02 May Be Alert, Be Wary: COVID-19 Brings Out the Scammers
As millions of American families mourn and others suffer with the coronavirus and its aftereffects, fraudsters are rolling up their sleeves and polishing their skills to take advantage of the most vulnerable among us.
These people are wily—they follow the headlines and adapt their messaging
They model their scams to fit the latest developments. Testing? Not a problem. Here are fake testing sites, in-demand products and bogus cures. By April 23, the FTC had received more than 25,400 consumer complaints related to the outbreak, including nearly 14,000 fraud complaints. Tragically, victims have reported losing nearly $20M; the median loss was $556.
Be on the lookout for other scams
It’s important to understand the fundamentals: There is currently no vaccine for COVID-19. There are no drugs that have been proven safe to treat the disease. None exists. That includes hydroxychloroquine that Donald Trump has been pitching. The medical community does not endorse this drug as a COVID-19 treatment. It can have serious health consequences.
- Teas, essential oils, cannabinol, colloidol silver and intravenous vitamin-C therapies are treatments being touted online and on TV as defenses against the pandemic—none of these is a legitimate treatment for the virus.
- Other scammers claiming to be selling or offering in-demand supplies such as surgical masks, test kits and household cleaners, often in robocalls, texts or social media ads. The FTC has issued warnings to companies suspected of abetting coronavirus robocalls.
- IRS scams. With most Americans set to receive stimulus checks under the CARES Act, the IRS warns of a wave of schemes promising to escalate payments. Beware calls or emails from supposed government agencies using the term “stimulus” asking you to sign over a check or provide personal information like your Social Security number. These are bogus. The government will not be contacting you; rather, they will be mailing you a check or doing a direct deposit into your checking account.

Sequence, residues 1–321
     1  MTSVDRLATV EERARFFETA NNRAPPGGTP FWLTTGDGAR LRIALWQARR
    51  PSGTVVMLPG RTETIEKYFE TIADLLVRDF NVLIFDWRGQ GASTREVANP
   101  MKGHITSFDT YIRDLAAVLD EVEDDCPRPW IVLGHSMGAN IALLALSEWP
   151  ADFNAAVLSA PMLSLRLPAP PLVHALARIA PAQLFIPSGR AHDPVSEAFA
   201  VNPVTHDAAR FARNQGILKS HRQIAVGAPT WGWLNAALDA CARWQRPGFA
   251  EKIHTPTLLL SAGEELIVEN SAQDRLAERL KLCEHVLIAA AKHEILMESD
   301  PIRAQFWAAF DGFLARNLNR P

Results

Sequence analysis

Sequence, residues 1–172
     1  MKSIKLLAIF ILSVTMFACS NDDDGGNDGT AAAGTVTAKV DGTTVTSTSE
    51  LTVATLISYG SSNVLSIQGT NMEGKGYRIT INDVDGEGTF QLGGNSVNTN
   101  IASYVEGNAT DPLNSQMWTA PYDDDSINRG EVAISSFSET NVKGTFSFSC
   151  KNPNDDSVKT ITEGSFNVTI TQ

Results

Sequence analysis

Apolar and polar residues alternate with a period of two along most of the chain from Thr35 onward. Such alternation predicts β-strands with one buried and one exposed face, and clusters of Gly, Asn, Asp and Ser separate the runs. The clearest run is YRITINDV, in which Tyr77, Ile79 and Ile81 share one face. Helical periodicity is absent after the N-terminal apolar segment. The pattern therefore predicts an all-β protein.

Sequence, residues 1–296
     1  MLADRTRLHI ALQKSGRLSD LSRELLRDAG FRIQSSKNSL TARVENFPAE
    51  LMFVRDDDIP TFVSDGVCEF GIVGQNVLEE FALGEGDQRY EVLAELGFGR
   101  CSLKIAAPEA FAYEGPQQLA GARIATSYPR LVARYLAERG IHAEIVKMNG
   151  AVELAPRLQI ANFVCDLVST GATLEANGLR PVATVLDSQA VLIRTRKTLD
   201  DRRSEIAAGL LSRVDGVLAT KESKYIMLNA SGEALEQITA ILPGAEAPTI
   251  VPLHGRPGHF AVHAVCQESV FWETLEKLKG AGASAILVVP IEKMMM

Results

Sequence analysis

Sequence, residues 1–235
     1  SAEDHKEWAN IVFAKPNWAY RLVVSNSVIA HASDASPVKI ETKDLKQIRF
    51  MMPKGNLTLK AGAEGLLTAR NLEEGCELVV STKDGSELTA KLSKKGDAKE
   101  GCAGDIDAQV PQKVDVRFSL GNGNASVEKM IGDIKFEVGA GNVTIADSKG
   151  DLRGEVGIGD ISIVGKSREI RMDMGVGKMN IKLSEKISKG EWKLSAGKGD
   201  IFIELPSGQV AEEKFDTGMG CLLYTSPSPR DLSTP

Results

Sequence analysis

- Be alert to calls from so-called banks and lenders offering help with credit card debt. Fraudsters are targeting small businesses with promises of quick capital or debt forgiveness.
- The stock market. The SEC is warning investors about scammers touting investments in companies with products that prevent, detect or cure COVID-19. They entice people with the promise that those stocks will soar in price. Remember—there is no product that can cure or prevent this disease. Rather, this is a moving target that mutates.
Phishing scams: Planting malware as a way to download passwords and other information
- The Justice Department hasshut down hundreds of phony websites. These sites will incorporate “coronavirus” or “covid19” in their domain names and promise vaccines and other aid, often claiming to represent the government or an aid organization.
- The trap is triggered when you contact those malicious domains. You start getting phishing emails from scammers in an attempt either to plant malware on your computer or to get your personal information. Google reported in mid-April that its Gmail platform was blocking a whopping 18 million such messages/day.
- These emails appear to be from real businesses or government agencies. Once you click on a link or download an attached file, you import a program that uses your internet connection to spread more malware, or digs into your personal files looking for passwords and other information for purposes of identity theft.
The bottom line: Be cautious when looking for COVID info
Remember that developing a vaccine for a disease is going to take much longer than we would like. Legitimate coronavirus information will come from the CDC or the WHO. Over the next few weeks especially, be extremely wary of fundraising calls, of anyone asking for your personal information or offering you a great deal. Be cautious about opening emails from sources you don’t recognize and clicking on suspicious links. If in doubt, delete.
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